Tag Archives: civil rights

YESTERNOW

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Mohandas Karamchand Gandhi  (2 October 1869 – 30 January 1948) was the preeminent leader of Indian nationalism in British-ruled India. Employing nonviolent civil disobedience, Gandhi led India to independence from economic slavery imposed on India by British Imperialism and inspired movements for civil rights and freedom across the world, including Martin Luther King, the American Civil Rights Movement and other leaders of non-violent resistance to oppression. 

THE FUTURE

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ELEANOR ROOSEVELT QUOTES

Anna Eleanor Roosevelt  — October 11, 1884 – November 7, 1962) was an American politician, diplomat, and activist. She was the longest-serving First Lady of the United States, holding the post from March 1933 to April 1945 during her husband President Franklin D. Roosevelt’s four terms in office.

Though widely respected in her later years, Roosevelt was a controversial First Lady for her outspokenness, particularly her stance on racial issues. She was the first presidential spouse to hold press conferences, write a syndicated newspaper column, and speak at a national convention. On a few occasions, she publicly disagreed with her husband’s policies. She launched an experimental community at Arthurdale, West Virginia, for the families of unemployed miners, later widely regarded as a failure. She advocated for expanded roles for women in the workplace, the civil rights of African Americans and Asian Americans, and the rights of World War II refugees.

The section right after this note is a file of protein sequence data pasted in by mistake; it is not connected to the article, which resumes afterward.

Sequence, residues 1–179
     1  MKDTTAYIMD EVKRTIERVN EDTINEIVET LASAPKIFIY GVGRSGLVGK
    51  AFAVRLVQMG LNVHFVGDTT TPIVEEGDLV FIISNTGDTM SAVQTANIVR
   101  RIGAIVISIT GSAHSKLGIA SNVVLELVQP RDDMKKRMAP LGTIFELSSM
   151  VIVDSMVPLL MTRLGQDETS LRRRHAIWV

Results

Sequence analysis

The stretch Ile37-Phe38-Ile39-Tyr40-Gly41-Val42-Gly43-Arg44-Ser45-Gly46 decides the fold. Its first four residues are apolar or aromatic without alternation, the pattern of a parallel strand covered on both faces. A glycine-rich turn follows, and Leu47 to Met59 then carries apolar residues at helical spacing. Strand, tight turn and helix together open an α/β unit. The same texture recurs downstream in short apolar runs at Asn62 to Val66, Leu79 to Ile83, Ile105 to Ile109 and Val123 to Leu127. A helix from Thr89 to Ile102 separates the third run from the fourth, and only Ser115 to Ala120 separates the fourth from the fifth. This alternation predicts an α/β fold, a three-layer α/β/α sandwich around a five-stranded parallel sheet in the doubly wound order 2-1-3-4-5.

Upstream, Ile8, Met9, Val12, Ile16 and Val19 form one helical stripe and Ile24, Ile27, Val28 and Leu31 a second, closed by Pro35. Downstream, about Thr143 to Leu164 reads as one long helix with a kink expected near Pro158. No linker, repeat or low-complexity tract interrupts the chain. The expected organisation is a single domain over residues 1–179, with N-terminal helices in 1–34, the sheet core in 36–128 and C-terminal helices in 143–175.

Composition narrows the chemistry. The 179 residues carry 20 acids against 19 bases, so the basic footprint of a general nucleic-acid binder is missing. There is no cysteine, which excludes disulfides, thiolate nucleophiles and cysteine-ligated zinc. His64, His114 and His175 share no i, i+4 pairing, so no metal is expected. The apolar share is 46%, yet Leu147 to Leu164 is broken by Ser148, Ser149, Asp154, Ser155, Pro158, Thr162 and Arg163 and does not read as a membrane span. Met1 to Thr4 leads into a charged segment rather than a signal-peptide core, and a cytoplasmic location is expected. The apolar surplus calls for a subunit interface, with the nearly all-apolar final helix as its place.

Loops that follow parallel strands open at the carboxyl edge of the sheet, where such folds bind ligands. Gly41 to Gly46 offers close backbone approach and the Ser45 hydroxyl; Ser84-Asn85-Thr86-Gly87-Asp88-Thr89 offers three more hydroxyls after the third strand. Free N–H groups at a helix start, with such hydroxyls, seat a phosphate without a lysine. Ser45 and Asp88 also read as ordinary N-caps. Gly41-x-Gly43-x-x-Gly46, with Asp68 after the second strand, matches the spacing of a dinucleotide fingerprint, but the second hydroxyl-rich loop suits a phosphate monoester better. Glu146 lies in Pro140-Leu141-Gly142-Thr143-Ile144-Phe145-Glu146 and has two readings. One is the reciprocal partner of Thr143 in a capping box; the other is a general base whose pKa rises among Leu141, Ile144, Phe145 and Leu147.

Following her husband’s death, Eleanor remained active in politics for the rest of her life. She served as the first chair of the UN Commission on Human Rights, and oversaw the drafting of the Universal Declaration of Human Rights. Later she chaired the John F. Kennedy administration’s Presidential Commission on the Status of Women. By the time of her death, she was regarded as “one of the most esteemed women in the world” and “the object of almost universal respect” — Wikipedia.org

MIRIAM MAKEBA — MAMA AFRICA

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Miriam Makeba (4 March 1932 – 10 November 2008), nicknamed Mama Africa, was a Grammy Award winning South African singer and civil rights activist.

In the 1960s she was the first artist from Africa to popularize African music in the U.S. and around the world. She is best known for the song “Pata Pata“, first recorded in 1957 and released in the U.S. in 1967. She recorded and toured with many popular artists, such as Harry BelafontePaul Simon, and her former husband Hugh Masekela.

She actively campaigned against the South African system of apartheid. As a result, the South African government revoked her citizenship and right of return. After the end of apartheid she returned home.